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  #1  
Old 10-08-2009, 10:42 AM
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Monark nozzles

Hi all i have 87 190d 2.5 turbo engine, im looking to get my injectors rebuilt, are monark nozzles any good? how much do they cost and what model will fit my car? also dos any one know of a good place to get them rebuilt. Thanks A Lot
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  #2  
Old 10-09-2009, 10:39 AM
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There are some members that rebuild them here on the forum.
BGKAST does good work, Do a search on his name and PM him. I can`t help you on what fits your car.

Also DIESEL911 is quite knowledgable.

Charlie
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  #3  
Old 10-09-2009, 01:27 PM
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I have Monarks on my 602.911 and love them. Quieter, smoother, and more efficient than the Indian-made Bosch nozzles that the injector shop installed originally when they rebuilt my injectors.
You might want to give us a location in order to better recommend a shop. Otherwise, check out the Bosch website and peruse the authorized dealers.
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  #4  
Old 10-09-2009, 01:39 PM
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Monark nozzle's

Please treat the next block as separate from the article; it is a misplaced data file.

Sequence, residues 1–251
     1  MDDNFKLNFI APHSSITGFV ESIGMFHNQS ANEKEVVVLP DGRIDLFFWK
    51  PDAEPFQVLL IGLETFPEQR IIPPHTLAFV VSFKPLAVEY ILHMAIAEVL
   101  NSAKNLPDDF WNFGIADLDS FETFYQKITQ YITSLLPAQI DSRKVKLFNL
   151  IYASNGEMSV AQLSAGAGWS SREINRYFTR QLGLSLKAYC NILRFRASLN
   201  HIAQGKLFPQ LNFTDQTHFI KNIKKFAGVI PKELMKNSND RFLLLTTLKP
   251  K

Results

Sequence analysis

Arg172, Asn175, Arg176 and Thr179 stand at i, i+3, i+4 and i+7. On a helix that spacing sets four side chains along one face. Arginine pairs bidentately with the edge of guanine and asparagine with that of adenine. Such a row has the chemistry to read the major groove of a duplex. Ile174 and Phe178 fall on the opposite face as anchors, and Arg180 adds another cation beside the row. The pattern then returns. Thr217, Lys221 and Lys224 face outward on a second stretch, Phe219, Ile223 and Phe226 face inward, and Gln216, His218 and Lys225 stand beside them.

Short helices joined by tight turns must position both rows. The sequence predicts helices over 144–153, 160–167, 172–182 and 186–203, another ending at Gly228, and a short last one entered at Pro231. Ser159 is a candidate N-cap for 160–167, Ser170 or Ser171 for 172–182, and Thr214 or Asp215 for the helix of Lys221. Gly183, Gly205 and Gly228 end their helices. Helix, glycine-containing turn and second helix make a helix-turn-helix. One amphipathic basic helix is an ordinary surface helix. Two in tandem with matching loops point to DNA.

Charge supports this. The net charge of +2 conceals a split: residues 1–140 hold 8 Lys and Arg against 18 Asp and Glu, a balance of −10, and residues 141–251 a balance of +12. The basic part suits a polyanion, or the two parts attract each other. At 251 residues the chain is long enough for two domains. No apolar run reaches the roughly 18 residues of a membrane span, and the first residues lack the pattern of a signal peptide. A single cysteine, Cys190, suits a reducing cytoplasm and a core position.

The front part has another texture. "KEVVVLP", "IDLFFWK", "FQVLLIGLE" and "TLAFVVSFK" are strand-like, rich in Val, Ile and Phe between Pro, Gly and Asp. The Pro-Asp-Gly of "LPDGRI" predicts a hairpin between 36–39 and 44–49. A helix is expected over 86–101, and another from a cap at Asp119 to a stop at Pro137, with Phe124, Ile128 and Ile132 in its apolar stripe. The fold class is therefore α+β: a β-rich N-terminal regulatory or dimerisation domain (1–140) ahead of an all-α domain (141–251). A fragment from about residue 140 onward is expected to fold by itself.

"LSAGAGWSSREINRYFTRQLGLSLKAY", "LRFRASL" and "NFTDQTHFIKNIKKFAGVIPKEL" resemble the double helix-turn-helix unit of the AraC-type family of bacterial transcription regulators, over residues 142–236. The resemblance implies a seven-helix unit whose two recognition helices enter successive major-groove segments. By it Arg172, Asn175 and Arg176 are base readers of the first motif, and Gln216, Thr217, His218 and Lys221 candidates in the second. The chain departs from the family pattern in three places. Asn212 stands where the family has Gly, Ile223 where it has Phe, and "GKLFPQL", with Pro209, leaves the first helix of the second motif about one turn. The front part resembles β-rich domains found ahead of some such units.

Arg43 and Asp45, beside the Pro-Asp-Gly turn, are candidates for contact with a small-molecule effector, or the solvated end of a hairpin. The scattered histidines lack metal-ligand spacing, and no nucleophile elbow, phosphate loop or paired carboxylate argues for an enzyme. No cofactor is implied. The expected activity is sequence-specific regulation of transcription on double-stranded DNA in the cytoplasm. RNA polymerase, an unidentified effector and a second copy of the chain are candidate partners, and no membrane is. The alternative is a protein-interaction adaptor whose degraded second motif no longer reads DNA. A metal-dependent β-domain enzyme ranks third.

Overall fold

I installed Monarks on my '85 300D am am very happy with them. I bought the nozzels and rebuilt them myself (search the forum for pop testers) after buying a set of old injectors to use as cores (and I wanted to have an extra set ready to go)

Frankly, the cost of putting together the pop tester, the shims and nozzles...I'd recommend BGKAST...all I've read says he does a great job

Performance wise, they're running great.
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  #5  
Old 10-09-2009, 08:17 PM
Dionysius
 
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Yes the feedback on Monark is excellent. I X2 it.

The Bosch nozzle has a tiny hole with feeders within the pintle. One has to use a magnifying glass to see it. It is there for better slow engine performance. In almost every car out there they are plugged up with carbon.

The Monark design is different and does not have this tiny hole to get plugged up. They are made in Germany to the highest specs with great QC.

One should have a balanced set to within 5 bar for smooth engine performance.

Injectors will work beyond all reasonable limits but they will be sub-optimal. They are a very ill-maintained part of the diesel picture. Eventually you will begin to hear the dreaded 'nailing' cacophony chiming in. Be kind to your engine and it will serve you very well.
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  #6  
Old 10-09-2009, 09:12 PM